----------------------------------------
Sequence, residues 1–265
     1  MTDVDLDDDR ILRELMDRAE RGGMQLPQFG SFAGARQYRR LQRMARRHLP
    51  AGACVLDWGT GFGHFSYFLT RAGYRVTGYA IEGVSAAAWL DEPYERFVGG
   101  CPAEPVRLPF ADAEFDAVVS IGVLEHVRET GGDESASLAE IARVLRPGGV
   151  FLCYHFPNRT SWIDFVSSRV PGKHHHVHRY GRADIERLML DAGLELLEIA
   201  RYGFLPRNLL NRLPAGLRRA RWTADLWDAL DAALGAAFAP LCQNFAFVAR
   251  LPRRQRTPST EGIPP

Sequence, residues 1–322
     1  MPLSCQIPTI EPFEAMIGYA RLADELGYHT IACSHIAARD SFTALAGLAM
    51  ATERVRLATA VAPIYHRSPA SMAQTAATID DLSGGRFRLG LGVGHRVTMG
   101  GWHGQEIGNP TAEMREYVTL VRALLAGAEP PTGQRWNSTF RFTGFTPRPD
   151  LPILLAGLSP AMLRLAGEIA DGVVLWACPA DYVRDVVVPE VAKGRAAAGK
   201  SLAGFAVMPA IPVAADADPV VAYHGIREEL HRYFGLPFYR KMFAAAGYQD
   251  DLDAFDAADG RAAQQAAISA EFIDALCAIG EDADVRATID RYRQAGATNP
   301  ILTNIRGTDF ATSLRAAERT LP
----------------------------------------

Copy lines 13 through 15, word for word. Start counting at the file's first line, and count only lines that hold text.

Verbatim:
   201  SLAGFAVMPA IPVAADADPV VAYHGIREEL HRYFGLPFYR KMFAAAGYQD
   251  DLDAFDAADG RAAQQAAISA EFIDALCAIG EDADVRATID RYRQAGATNP
   301  ILTNIRGTDF ATSLRAAERT LP